# Reflection matrix

Question: Suppose that $u$ is a vector in $\mathbb{R}^{3}$ of length 1, and let $w = u^{t}$ be the transpose of $u$. Let $R$ be the matrix $R = I - 2uw$. Explain why $R$ is called a reflection matrix, by explaining why, for any vector $v, wv = \langle u,v \rangle$, and explaining what $R$ does to the vectors on the line spanned by $u$, and what $R$ does to the vector perpendicular to $u$.

I've been spending a lot of time going over linear transformation and watching tutorials on transformation matrices. I found out that this matrix is actually called a 'householder reflection' but I couldn't find too much information about it in terms of the question asked.

I can prove that $R$ is orthogonal using $RR^{T}= I$. I'm not sure if that helps much.

I know if $\|\vec{u}\| = 1$ then $uu^{T} = 1$

Because an orthogonal matrix preserves length and angles that means it limits the transformations to reflections and rotations.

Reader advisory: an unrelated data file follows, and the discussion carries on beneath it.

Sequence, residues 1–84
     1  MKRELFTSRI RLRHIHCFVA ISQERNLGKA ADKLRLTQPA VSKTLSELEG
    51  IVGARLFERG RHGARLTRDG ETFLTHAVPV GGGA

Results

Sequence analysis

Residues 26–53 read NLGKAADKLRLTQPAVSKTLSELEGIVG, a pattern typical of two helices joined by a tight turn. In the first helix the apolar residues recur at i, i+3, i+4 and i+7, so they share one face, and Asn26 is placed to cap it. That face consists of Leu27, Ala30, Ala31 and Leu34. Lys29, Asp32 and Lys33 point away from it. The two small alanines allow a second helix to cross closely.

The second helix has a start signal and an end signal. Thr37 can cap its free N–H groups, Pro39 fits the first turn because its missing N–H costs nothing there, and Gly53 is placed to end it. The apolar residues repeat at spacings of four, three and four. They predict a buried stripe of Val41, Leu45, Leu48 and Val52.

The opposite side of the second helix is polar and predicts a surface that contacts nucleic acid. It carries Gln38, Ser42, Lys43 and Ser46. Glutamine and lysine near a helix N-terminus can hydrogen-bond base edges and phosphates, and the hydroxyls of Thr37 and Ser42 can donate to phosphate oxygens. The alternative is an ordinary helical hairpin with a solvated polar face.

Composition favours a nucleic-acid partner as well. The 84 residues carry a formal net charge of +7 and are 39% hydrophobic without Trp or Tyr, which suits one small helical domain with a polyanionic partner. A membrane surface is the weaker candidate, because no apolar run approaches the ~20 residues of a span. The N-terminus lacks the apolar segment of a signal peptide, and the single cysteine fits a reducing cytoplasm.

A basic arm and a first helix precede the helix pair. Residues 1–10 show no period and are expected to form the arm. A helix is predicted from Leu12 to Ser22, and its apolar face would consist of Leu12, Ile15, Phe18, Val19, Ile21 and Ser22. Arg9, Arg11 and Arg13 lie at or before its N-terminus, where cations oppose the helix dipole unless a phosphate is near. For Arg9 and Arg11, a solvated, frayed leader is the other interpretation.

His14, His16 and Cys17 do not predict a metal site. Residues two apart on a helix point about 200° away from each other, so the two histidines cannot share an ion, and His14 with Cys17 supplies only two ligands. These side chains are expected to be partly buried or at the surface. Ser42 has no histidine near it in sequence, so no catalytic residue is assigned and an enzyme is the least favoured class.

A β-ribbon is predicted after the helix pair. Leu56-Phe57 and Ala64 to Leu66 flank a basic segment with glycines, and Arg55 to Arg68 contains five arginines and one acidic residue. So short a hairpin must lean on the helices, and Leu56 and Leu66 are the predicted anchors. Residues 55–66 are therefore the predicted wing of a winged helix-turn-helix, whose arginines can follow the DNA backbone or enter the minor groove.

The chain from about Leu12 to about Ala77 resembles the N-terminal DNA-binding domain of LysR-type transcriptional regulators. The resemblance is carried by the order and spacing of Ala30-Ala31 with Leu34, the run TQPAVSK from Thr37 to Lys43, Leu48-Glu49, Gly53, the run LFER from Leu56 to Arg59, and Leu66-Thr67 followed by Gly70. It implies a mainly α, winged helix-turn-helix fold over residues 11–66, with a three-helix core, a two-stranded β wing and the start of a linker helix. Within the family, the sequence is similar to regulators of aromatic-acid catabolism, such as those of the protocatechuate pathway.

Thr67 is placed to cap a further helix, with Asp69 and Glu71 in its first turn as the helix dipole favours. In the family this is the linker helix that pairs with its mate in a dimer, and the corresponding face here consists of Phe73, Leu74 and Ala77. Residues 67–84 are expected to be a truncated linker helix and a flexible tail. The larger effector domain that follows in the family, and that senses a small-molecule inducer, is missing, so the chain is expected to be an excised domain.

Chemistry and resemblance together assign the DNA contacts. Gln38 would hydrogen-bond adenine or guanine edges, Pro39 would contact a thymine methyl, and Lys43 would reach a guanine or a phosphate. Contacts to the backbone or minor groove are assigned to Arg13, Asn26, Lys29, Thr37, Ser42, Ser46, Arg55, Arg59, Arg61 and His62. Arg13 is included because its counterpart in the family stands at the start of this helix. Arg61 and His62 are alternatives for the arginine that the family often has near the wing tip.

Any vector that is perpendicular is left unchanged. Let's say $z$ is perpendicular to $u$ $$(I-2uu^{T})z = z-2u(u^{T}z)=z$$

I can't really get any further than this.

• It's a "Householder reflection"; Householder is someone's name. – Omnomnomnom Nov 11 '16 at 12:28

## 1 Answer

As you rightly discovered, we find $Rz = z$ whenever $z\perp u$.

On the other hand, if $z$ is parallel to $u$, we have $z = \alpha u$ for some constant $\alpha$, so that $$Rz = \alpha (Ru) = \alpha (I - 2uu^T)u = \alpha(u - 2u(u^Tu)) = \alpha(u - 2u) = -\alpha u = -z$$ where $u^Tu = 1$ since $u$ has length $1$. That is, $Rz = -z$; $R$ reflects the vector across the origin.

Since we know what $R$ does to vectors parallel to $u$ and those perpendicular, we can conclude that $R$ is the reflection along $u$ across the plane perpendicular to $u$.

• That's so well worded. Thank you very much. – Patrick Moloney Nov 11 '16 at 12:36